I really liked The Avengers. I didn't entirely love it - while I spent the final half of the film on the edge of my seat, holding my breath and mentally cheering, I found the first forty minutes or so a little dry and disjointed. I haven't watched it a second time and I will soon; I'd recently injured my arm and was in a lot of pain as I watched the film, and my opinion may change on the second viewing. So don't yell at me.
But even during the first few scenes while I was a little disappointed and anxious about the movie, I was immediately immersed in the scenes with either Pepper Potts or Agent Coulson. The two have always been my favorite parts of the Iron Man movies, and Coulson's my favorite of any of the films in which he's featured - and not only because of Clark Gregg's marvelously dry delivery and straight man suitability.
My Pepper Potts love is no surprise, as I spent my entire pre-managing editor career as an administrative assistant to important people. I loved the job and took a lot of pride in it, and I hold accountability, competence and organization very highly in others. It's an unglamourous skill set that doesn't get a lot of play in fiction, and Pepper Potts makes efficiency look cool. I love her for that.
But what I admire most about these characters is that they are ordinary people who risk their lives to be a part of something bigger than themselves. Coulson and Potts are surrounded by those with extraordinary abilities and immense power, and yet they're considered vital to the team. Coulson is crucial to The Avengers. Tony Stark would be useless without Pepper. That's amazing.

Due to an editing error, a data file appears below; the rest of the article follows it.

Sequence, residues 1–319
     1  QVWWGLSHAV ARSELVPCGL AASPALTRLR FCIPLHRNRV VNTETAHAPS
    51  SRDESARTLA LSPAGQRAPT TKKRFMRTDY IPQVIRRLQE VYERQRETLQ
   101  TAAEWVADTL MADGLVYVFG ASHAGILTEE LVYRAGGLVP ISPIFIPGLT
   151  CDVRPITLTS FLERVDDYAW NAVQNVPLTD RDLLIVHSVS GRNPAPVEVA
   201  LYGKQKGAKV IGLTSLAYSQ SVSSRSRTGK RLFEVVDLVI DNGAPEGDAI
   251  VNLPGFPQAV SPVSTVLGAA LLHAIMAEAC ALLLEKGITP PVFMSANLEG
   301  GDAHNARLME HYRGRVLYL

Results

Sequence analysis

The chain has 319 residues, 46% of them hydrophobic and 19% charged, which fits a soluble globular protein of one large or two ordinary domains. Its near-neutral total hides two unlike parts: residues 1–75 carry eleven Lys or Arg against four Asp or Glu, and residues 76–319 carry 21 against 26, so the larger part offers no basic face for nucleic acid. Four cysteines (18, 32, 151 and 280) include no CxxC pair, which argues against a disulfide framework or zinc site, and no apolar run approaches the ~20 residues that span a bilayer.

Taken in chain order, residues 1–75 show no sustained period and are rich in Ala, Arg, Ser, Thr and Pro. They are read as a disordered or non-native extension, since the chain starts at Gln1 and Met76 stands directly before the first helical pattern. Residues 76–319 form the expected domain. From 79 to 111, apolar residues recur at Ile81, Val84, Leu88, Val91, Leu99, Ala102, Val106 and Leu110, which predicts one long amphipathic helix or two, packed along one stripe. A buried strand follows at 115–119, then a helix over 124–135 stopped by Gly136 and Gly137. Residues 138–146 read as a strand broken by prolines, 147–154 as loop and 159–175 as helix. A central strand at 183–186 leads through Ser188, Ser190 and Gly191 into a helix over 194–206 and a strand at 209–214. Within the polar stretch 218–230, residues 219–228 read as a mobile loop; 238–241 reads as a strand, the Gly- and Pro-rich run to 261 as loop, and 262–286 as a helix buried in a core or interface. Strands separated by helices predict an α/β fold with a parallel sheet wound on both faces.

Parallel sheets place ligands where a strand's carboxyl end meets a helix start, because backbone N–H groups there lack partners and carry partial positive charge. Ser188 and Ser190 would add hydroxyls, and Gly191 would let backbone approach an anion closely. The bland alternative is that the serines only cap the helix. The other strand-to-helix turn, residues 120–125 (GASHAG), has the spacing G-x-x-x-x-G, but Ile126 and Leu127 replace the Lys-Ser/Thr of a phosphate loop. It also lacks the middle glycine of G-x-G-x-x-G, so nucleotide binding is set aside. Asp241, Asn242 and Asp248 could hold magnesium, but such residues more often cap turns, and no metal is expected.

It's the same reason I love Xander so fiercely on Buffy the Vampire Slayer. As Willow became a witch, Oz a werewolf and Giles a demon-courting badass, Xander was the only one of the Scoobs who fought the Hellmouth every day with no special advantages. Well, and Cordelia - but she became a psychic on Angel. Sure, Xander grew to be the series' butt-monkey in later seasons because Nicholas Brendon makes humiliation look hilarious, but Xander is without question the most courageous character on the show. Time and again he faces powerful evil in order to protect his friends - his friends who are far more powerful than he. Only Xander is willing and able to face Evil Willow, armed solely with his love for her and the memory of a yellow crayon.
Similarly, Chloe Sullivan's my favorite character on Smallville. She becomes the human version of Watchtower because she's really smart, really good with computers and really protective of the Justice League. She devotes her life to this group of superheroes even though she has no superpowers herself. There were a few plotlines when Chloe proved to have some special abilities (she briefly had a Kryptonite-powered healing talent, and she was super-brainpowered by Brainiac for a time) but I always like her best when she's just a normal amount of brilliant - and an extraordinary amount of devoted to Clark.
I had a feeling that Coulson would die in The Avengers. I thought it might happen partly because the character had run his course, partly because his death would bring some real poignancy to the fight, and partly because a regular human can't fight a superpowered battle for too long without becoming the inevitable casualty. And that's the thing: these guys must know that, and yet they fight those battles anyway. They aren't heroes because they're billionaires or demi-gods or invincible. They're heroes because they're incredibly brave, competent and loyal. And that's badass.
I'm trying to think what other characters fit in this mold of regular humans fighting alongside an ensemble of extraordinary heroes. All the Hobbits count - Samwise Gamgee is forever one of my favorite literary heroes due to his unending loyalty and fierce determination. Ron Weasley to a point - even though they're all wizards, Ron's really bad at it. Who else? Help me out in the comments!